Many of these threats to investigate, or unsuccessful charges, make the case that a “hate” crime has been committed — that is, an offence motivated by the plaintiff’s disability, race, religion, sexual orientation or gender identity. (Ordinary crimes, it seems, take an equal opportunities approach.) Hate crime carries an enhanced sentence, but at least — since it involves an actual crime — it is bound by certain legal definitions.

Hate crime’s little brother is a sub-category called “non-crime hate incidents,” which can’t be prosecuted. For someone on the wrong end of an accusation, however, it can be very uncomfortable. Although the public collectively consents to the police holding power, we have little say as individuals in how that power is used over us. Police activity can be a factor in us losing our livelihoods or our liberty. And, despite not being a crime, a “non-crime hate incident” can go on your record and potentially show up on enhanced DBS checks. It might close off certain job opportunities. To better understand the offence, I turned to the West Yorkshire police website, where the Hate Crime Co-ordinator PC Emma Harrison explains it via video:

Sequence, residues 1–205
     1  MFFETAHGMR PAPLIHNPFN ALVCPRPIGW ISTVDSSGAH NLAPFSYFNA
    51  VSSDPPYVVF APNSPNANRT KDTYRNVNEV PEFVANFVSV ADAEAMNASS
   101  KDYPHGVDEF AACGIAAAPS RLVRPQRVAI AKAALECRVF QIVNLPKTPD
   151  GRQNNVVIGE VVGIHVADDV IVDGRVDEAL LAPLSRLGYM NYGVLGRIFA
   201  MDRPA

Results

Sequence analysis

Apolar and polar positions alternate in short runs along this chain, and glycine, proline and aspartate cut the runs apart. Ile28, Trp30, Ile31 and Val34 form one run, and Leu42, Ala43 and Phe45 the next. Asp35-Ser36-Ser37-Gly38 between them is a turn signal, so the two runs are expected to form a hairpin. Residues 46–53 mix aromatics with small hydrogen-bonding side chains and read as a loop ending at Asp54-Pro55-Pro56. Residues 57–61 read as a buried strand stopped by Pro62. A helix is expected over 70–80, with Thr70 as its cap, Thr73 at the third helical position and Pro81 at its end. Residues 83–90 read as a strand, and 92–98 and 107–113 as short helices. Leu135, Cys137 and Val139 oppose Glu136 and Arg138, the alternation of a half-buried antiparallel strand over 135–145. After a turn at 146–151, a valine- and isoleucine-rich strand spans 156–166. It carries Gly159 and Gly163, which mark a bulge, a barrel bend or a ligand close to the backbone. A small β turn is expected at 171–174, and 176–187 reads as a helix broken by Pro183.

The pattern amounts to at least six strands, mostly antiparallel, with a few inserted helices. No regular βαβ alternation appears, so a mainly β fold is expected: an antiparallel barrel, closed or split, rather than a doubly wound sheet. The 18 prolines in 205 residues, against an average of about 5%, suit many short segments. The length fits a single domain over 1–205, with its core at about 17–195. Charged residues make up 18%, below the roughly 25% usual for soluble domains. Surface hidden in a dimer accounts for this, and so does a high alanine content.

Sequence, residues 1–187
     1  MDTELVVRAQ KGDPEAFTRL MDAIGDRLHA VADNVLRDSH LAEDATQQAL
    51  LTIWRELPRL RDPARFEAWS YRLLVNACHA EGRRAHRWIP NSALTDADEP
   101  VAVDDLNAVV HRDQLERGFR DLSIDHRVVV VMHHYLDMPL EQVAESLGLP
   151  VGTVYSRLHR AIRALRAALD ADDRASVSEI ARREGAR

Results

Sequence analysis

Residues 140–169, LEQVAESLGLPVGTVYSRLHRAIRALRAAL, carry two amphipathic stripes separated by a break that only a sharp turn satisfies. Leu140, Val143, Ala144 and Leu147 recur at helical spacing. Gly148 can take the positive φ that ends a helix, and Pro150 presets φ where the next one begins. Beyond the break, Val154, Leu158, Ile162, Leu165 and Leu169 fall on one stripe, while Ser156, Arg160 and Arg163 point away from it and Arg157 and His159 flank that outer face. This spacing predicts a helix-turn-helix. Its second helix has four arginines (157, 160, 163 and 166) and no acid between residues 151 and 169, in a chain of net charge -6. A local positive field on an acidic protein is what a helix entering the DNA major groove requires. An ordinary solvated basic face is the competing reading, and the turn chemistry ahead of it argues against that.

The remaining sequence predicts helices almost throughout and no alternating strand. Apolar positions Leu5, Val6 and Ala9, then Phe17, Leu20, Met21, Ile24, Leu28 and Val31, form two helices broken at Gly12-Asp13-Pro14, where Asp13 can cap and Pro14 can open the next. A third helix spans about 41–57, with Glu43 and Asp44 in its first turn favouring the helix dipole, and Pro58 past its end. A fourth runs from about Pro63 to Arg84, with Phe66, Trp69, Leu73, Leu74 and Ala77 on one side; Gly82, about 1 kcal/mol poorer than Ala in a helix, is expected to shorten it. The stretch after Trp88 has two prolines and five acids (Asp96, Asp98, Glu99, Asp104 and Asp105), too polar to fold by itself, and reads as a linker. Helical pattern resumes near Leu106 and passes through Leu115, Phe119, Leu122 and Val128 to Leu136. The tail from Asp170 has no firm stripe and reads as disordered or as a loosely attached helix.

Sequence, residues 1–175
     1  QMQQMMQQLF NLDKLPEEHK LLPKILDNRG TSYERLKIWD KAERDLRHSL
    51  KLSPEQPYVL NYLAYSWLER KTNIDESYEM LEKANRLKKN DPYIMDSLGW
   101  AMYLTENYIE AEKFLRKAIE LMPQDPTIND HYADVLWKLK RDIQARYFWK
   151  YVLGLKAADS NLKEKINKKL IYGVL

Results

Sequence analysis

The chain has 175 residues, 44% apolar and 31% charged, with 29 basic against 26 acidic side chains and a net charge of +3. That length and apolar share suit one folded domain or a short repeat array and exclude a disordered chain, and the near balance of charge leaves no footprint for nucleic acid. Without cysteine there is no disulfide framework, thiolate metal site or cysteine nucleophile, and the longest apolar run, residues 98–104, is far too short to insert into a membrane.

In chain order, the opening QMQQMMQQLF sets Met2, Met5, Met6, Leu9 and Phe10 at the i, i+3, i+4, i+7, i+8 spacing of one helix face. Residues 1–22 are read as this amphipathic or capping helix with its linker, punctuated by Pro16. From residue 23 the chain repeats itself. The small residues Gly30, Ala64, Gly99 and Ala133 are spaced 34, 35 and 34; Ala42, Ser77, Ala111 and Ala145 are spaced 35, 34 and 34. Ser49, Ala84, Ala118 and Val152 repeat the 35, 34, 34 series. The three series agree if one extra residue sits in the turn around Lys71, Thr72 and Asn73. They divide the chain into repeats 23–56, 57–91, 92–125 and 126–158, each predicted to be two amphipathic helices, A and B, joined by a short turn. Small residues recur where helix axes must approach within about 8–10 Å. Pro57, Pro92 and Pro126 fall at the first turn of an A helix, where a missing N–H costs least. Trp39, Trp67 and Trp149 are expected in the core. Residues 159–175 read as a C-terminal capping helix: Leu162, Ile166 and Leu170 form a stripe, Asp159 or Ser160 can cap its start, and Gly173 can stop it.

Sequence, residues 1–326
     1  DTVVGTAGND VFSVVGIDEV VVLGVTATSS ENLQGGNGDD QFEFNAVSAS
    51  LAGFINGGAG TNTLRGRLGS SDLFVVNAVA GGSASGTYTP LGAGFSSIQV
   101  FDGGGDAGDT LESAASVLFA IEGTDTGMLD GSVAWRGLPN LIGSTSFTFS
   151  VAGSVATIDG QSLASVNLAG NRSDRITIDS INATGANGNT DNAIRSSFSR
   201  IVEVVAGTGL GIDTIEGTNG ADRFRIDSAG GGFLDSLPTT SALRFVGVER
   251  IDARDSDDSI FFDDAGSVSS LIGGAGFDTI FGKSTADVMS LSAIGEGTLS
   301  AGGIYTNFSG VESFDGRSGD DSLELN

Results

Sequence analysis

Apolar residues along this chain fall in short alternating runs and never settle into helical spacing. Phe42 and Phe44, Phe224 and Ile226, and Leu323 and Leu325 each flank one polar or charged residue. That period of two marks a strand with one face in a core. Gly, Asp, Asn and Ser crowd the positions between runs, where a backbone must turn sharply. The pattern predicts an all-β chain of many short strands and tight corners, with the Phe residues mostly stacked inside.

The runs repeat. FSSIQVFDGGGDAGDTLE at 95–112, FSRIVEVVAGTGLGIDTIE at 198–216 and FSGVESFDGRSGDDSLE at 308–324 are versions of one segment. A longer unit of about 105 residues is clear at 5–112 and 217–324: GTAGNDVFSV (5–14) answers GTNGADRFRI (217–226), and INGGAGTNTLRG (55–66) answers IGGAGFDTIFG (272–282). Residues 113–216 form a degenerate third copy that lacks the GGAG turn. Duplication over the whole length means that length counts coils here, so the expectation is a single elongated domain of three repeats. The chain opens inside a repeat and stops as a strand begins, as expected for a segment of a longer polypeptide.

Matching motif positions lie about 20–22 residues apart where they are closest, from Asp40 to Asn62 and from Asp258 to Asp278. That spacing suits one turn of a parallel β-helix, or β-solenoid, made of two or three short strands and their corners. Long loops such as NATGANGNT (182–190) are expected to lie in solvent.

“A hate incident can be any incident that the victim or any other person perceives to have happened to a person as a result of their faith, their race, their sexual orientation, their disability. It doesn’t have to be a criminal offence. As the definition says it can be any incident, so it can be perhaps just the way that somebody looks at you or it might be something that somebody says to you that might upset you. It literally can be anything at all that you feel is there as a result of something about you, something very personal to you, it might be the colour of your skin, it might be a disability that you have, and it doesn’t even need to be a disability that can be seen.”

Around 120,000 such offences were recorded between 2014, when the College of Policing brought in the “non-crime hate incident” guidance, and 2019. Of course, it is often sensible for police to keep records of especially upsetting or threatening behaviour that nevertheless misses the threshold for criminal prosecution. But the net here is cast extremely wide, and could easily include a legitimate personal opinion that someone else simply doesn’t like. The “non-crime hate incident” exists entirely in the perception of the allegedly aggrieved party.